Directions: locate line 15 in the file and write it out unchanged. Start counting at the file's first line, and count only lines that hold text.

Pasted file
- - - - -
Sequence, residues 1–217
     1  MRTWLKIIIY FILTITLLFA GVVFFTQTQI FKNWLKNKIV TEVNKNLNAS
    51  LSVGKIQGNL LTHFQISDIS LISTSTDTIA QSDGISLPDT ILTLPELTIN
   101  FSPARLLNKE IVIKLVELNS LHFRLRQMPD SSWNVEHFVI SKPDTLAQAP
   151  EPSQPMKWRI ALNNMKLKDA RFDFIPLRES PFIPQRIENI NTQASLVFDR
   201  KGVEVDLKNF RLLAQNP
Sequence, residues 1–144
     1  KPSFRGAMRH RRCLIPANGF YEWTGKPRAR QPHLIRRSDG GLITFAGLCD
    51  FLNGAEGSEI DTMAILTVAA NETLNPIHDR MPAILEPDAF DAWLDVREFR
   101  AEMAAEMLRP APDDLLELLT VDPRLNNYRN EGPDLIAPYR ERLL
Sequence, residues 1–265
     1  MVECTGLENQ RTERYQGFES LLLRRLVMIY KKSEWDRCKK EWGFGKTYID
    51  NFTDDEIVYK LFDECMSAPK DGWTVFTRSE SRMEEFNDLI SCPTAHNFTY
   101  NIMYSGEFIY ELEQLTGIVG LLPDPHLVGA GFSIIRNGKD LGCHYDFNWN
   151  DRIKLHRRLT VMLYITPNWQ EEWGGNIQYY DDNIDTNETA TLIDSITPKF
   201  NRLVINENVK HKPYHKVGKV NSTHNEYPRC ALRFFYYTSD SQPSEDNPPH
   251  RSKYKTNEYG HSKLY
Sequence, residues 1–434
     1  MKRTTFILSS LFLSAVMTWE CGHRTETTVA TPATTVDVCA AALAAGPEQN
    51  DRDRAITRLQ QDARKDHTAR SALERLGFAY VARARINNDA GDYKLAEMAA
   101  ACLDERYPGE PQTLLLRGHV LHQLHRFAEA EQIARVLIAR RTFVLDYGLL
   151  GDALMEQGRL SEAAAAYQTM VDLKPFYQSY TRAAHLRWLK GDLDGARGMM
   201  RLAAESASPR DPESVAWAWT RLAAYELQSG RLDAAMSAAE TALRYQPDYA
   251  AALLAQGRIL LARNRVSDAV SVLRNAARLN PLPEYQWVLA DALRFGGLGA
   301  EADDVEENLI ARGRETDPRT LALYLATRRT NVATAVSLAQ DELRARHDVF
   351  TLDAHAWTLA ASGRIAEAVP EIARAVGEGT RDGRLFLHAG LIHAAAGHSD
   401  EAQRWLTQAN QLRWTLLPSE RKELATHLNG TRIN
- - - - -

   151  DRIKLHRRLT VMLYITPNWQ EEWGGNIQYY DDNIDTNETA TLIDSITPKF